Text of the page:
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Almost any discussion of addiction causes controversy. There has been a long and tortuous history in the development of our concepts of addiction based on changing political and social environments and on the legal status of the specific drugs themselves (see Appendix E). As the medical model of opioid addiction became accepted, the term addiction or "addict" was thought to carry a social stigma that undermined attempts to cast the problem as a disease and thereby to bolster more humane treatment of persons with addictive disorders. The term "dependence" seemed to lack such stigma and therefore it was applied to a broader range of problems (e.g., alcohol, nicotine, caffeine). Yet, dependence seems to many a loosely defined term that carries a connotation of some type of character flaw or lack of will. Certainly there are psychological and cognitive underpinnings of addiction and many people are able to quit using drugs without medical or other types of interventions. However, these individuals nevertheless must struggle for months and sometimes years to overcome strong physiological (e.g., withdrawal symptoms) and motivational (e.g., drug craving) disturbances during recovery from addiction. The application of the term "addiction" itself has been problematic in that it has tended, until recently, to be applied more frequently to illegal drugs than to legal ones. Interestingly, amidst the current legal and political struggles about smoking and nicotine, addiction has become the term of choice of those working to emphasize the physiological effects of nicotine. In the popular press and in colloquial language, the terms "addict" and "junkie" are applied to everything from chocolate to television. A central tenet of this report is that addiction may occur as a consequence of using many different types of drugs or substances, some of which are legal and socially acceptable and some of which are illegal. For example, all of the following are potentially addictive drugs: alcohol, nicotine, caffeine, heroin and other opioids, cocaine, and amphetamines. These drugs may lead to physiological dependence and tolerance or a withdrawal syndrome when the drug is abruptly discontinued, or both. Further, the terms "addiction" and "dependence" are used interchangeably in their scientific sense to denote drug-seeking behavior involving compulsive use of high doses of one or more drugs for no clear medical indication, resulting in substantial impairment of health and social functioning. CLASSIFICATION OF DRUGS A drug is any chemical agent, other than a food, that affects biological function and is typically used in humans or other animals to prevent or treat a disease. A psychotropic drug is one that acts in the brain to alter mood, thought processes, or behavior (Goldstein, 1994).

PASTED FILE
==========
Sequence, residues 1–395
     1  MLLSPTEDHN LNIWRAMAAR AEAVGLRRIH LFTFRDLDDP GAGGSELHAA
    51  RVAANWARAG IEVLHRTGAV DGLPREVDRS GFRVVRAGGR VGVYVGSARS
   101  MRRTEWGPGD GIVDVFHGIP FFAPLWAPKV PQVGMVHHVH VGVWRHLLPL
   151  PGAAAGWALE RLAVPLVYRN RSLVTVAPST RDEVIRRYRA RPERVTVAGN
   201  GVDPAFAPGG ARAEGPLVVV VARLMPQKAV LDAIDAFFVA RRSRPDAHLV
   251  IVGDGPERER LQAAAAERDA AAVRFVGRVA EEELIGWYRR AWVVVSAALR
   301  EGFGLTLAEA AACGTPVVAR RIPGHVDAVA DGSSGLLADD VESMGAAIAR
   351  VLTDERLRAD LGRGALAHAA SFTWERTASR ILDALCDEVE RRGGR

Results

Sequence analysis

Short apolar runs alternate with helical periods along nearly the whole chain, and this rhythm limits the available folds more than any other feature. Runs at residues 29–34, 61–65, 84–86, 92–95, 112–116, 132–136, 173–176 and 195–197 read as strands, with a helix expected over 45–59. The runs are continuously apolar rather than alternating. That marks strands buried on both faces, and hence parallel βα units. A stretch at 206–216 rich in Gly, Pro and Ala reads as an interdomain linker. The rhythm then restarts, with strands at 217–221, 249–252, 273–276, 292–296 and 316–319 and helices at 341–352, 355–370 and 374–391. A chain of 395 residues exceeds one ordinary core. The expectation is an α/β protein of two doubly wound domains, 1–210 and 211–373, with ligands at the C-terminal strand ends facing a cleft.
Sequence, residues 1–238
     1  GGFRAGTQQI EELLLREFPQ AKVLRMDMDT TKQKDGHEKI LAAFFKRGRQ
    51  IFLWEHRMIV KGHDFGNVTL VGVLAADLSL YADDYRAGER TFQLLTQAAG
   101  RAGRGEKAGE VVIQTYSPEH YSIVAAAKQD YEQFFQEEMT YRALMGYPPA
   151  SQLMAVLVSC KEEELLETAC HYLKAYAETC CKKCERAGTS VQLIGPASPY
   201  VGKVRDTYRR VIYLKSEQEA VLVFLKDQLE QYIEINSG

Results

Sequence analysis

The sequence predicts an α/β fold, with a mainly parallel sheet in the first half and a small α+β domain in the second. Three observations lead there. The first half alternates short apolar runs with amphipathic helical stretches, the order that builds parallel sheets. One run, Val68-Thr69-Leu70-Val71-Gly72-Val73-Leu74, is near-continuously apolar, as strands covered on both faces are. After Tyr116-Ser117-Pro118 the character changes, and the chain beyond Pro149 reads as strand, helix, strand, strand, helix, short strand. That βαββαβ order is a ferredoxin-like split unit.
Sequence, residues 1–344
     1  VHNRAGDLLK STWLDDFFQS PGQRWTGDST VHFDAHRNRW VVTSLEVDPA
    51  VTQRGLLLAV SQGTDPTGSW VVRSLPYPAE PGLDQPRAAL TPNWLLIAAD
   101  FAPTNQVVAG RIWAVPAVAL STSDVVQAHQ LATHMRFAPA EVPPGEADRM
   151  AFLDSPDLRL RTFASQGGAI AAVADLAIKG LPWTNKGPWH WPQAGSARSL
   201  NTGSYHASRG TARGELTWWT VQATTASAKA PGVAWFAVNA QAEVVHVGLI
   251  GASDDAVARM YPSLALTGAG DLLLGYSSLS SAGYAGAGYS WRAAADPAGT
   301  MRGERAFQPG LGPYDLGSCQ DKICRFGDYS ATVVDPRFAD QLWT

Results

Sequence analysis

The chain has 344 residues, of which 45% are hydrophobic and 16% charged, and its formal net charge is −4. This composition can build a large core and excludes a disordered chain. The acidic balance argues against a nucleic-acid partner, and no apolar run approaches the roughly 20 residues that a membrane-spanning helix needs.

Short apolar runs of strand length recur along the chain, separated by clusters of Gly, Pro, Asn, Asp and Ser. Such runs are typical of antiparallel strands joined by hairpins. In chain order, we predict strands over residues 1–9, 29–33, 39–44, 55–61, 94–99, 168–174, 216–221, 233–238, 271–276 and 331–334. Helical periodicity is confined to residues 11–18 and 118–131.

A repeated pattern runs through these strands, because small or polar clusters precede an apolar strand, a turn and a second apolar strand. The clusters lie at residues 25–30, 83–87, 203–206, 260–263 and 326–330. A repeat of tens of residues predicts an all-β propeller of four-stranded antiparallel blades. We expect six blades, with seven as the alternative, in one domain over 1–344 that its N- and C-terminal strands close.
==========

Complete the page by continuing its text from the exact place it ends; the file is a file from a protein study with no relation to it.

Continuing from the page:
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Throughout the years, several typologies have been developed to classify different drug agents. In 1965, the World Health Organization (WHO) identified a typology of drug dependence based on seven classes of substances that were widely abused (Eddy et al., 1965). The current Diagnostic and Statistical Manual of the American Psychiatric Association (DSM-IV) has defined 11 classes of substances that may be part of a substance abuse disorder (APA, 1994). Seven families of addictive drugs that together comprise the drug abuse problem have been classified by Goldstein (1994), distinguished from one another on the basis of chemistry, behavioral effects, and the likelihood of addiction developing. Table 1.1 provides a classification that combines specific aspects of these three definitional frameworks. It lists nine classes of drugs, in order of their overall prevalence of use (highest to lowest) in the United States: caffeine; alcohol; nicotine; depressants, barbiturates, benzodiazepines; marijuana and hashish; opioids; stimulants (cocaine, amphetamine, and related drugs); hallucinogens; and inhalants. This classification system groups addictive and abusable drugs by functional or behavioral activity, independently of proposed receptor effects or mechanisms of action. It differs from the "seven families" classification by separating alcohol and related drugs into three different categories: alcohol, inhalants, and barbiturates. It differs from the DSM-IV by combining hallucinogens and phencyclidine (PCP) into one category, and eliminating the categories of "polysubstances" and "other" drugs. The focus of this report is on four major classes of drugs: nicotine, alcohol, opioids, and stimulants.3 These are emphasized because they have the greatest social and economic impact on society. In addition, the use of these drugs causes or contributes to many life-threatening disorders, including cirrhosis, AIDS, and cancer. The term "drug" is used in its generic sense to encompass all four substances, but where it is appropriate and necessary to be specific, reference is made to the specific drug or class of drugs. 3   The class of opioids includes heroin, codeine, morphine, and synthetic opioids, while the stimulants include cocaine, amphetamine, methamphetamine, and methylphenidate.